In a recent post I presented a short chapter from the second part of a novel I’m currently writing. I gave my neighbor friend the first three chapters of the first part, which he also liked. He has encouraged me to read these chapters to the group, but I think it’s a bit much. I’ll probably read only the first chapter, which is almost exactly the same length as the ten-minute “Looking Up” story I read previously. Here’s the beginning of that chapter — you’ll note that it incorporates the strange graffiti stencil I posted about earlier this week. I have a couple of questions about this bit, mostly concerning the reference to Bass Ale (too obscure or precious?) and the abrupt shift in voice/tense. On Monday I’ll report back on the group.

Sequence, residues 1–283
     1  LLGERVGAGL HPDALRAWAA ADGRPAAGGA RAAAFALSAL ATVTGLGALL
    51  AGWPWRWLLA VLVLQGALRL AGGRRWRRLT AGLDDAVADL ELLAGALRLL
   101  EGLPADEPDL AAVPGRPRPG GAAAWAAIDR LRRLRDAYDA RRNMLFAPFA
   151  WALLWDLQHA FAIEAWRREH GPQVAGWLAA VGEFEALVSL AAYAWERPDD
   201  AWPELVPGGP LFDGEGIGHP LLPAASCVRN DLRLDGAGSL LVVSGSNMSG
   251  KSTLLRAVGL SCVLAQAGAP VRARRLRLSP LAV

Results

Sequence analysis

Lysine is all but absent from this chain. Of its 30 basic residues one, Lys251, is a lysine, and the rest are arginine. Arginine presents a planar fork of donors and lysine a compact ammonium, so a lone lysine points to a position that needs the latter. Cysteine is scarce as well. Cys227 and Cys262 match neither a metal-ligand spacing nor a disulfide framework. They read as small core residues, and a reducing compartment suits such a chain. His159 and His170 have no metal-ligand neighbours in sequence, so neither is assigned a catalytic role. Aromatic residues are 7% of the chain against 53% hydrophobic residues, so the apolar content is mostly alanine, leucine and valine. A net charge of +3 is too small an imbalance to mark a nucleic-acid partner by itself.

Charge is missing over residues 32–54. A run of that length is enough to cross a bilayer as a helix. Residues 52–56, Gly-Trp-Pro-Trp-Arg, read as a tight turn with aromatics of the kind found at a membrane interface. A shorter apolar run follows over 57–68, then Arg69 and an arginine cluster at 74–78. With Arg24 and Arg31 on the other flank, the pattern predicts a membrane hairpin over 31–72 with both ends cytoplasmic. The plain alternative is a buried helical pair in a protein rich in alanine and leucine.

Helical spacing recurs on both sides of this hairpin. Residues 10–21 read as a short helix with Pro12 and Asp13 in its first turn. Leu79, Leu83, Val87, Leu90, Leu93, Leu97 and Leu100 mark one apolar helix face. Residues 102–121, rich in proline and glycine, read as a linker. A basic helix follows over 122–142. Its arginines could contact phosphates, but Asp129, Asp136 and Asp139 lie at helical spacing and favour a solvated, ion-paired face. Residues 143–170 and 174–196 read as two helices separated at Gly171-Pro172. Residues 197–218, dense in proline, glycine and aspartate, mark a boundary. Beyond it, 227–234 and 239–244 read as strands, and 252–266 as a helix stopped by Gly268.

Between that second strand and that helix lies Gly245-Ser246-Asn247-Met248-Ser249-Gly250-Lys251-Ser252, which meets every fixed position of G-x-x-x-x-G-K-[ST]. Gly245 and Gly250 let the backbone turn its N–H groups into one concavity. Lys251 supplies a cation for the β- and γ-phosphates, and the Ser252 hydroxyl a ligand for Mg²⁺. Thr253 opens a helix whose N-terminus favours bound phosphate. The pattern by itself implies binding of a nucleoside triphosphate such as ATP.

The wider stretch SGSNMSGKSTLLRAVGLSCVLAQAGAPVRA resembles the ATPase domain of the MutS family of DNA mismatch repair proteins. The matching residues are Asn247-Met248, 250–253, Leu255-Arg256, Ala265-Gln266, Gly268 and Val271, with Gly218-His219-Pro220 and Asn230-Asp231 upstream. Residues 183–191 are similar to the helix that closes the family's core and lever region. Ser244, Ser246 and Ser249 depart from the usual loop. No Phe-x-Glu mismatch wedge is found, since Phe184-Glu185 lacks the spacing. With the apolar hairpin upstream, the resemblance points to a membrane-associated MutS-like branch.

The dining room looks inviting, but today it’s the bar that calls to you. Maybe you don’t want to hear the hostess pose the inevitable question – “Just one?” – in that reflexive tone of pity and scorn. There is no television perched up in the corner replaying football highlights, no rock oldies blasting on tinny speakers – only the classic silent aesthetic of bottles and glasses and polished granite. A long mirror stretches across the back wall; there’s even a bowlful of clementines on the bar. When the young woman in the black velvet jacket asks what you’d like you don’t have to think twice: a bottle of Bass, please. As she pours you take a closer look at the ornate pendant suspended from the black ribbon encircling her neck. It appears to be an iconic image, although the coronet perched atop the leering holy man’s head and the five-pointed pinwheel he wears above his breast betoken no familiar theology. Some new-age mystic no doubt, maybe even an ironic citation of mysticism. Most likely she spotted the medallion at a consignment store and thought how good it would look with her black jacket.